Sochi 2014: prepare for more triumphs of human endeavour
The Paralympics turned so many assumptions on their heads it’s easy to forget where we were a few years ago.
The Sochi Games start in Russia in a few months and do not doubt that eyes will be opened and jaws will drop once again.
Especially for Brits, who – apologies to Eddie “the eagle” Edwards – aren’t known for their winter sports prowess.
Mountains aren’t the easiest of places to negotiate at the best of times. But how on earth do you ski – let alone race – if you don’t have the use of your legs? Or don’t have legs at all? Or can’t see?
The fact is that it’s actually pretty straightforward. Not easy. But straightforward. Because just like riding a handbike, or racing a chair, or running in blades, there’s oodles of kit out there that can help get you up and down the mountain, and if you should so choose, at speeds verging on the suicidal. And that’s where the distinction between disabled, and non-disabled skier ends. Right there.
Anna Turney broke her back a few years ago in a snowboarding accident. But it doesn’t appear to have put her off. She just can’t get enough of the mountains. “When I ski I’m not a wheelchair user. I’m an athlete! It’s an amazing feeling powering the ski. I just love it!”
Anna’s on the verge of Paralympic qualification for GB in the sitting classification. She uses a mono, or ‘sit’ ski. It’s a carbon fibre chair attached to a ski using motorcycle suspension.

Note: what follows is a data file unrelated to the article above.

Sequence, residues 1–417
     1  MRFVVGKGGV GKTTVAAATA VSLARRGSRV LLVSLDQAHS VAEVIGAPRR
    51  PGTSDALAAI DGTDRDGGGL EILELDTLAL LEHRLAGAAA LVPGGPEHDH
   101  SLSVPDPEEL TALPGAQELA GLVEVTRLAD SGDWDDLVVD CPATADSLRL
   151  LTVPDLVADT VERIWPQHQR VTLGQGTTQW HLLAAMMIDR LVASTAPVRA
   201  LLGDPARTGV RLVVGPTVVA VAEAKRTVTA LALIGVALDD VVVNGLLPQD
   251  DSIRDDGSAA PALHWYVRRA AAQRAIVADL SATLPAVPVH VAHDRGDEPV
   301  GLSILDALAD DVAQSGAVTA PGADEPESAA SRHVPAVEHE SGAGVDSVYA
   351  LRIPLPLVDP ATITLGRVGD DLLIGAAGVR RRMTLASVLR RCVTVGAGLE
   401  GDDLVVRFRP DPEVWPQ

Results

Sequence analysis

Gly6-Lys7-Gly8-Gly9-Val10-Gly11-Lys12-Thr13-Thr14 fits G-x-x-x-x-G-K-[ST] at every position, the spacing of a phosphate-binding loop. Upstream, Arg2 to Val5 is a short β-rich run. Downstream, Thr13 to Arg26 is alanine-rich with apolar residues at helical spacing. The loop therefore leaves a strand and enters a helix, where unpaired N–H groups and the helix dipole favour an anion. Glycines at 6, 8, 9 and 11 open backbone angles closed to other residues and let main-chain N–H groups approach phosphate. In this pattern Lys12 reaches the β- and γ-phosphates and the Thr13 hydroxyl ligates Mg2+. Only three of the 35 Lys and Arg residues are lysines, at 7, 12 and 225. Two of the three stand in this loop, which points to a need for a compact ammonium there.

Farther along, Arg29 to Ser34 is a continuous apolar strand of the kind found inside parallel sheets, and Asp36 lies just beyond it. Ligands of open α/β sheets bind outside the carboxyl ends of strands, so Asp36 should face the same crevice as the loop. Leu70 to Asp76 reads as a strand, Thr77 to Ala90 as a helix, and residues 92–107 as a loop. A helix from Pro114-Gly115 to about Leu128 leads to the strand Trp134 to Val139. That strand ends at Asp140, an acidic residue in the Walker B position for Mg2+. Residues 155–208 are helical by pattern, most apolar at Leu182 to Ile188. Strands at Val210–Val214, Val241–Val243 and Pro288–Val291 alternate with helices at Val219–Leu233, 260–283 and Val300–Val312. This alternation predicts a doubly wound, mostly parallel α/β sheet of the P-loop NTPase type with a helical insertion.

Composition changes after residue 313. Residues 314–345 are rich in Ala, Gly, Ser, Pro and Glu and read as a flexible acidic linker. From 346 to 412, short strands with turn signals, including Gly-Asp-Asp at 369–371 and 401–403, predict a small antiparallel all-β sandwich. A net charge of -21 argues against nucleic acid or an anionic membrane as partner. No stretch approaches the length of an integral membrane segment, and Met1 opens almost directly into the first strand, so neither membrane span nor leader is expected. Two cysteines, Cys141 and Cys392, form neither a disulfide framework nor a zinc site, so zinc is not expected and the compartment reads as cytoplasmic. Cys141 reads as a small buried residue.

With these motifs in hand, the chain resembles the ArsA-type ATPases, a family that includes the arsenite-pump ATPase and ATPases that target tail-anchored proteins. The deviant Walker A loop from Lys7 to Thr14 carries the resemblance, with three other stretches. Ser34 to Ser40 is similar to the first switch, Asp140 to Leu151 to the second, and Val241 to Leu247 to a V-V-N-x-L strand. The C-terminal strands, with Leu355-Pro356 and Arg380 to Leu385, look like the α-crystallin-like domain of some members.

“The way you power the ski round the corners, carving, that feels just the way it would on a ski or on a snowboard.”
Kit is all important in the world of disability sport. For Kelly Gallagher the most precious piece of equipment is her guide: Charlotte Evans. Kelly’s vision is impaired – so Charlotte skis just a few yards ahead of her in a high-visibility jacket – at speeds of up to 70mph. They talk to each other on a Bluetooth radio built into their helmets.
Kelly narrowly missed out on a medal at the last Paralympics. She’s being pushed hard in the visually impaired classification by one of the new kids at the GB starting gate – 22 year old Jade Etherington, and her guide Caroline Powell.
Competition, as any athlete will tell you, keeps you sharp. They’ll all know in January if they’ve made the GB team for Sochi.
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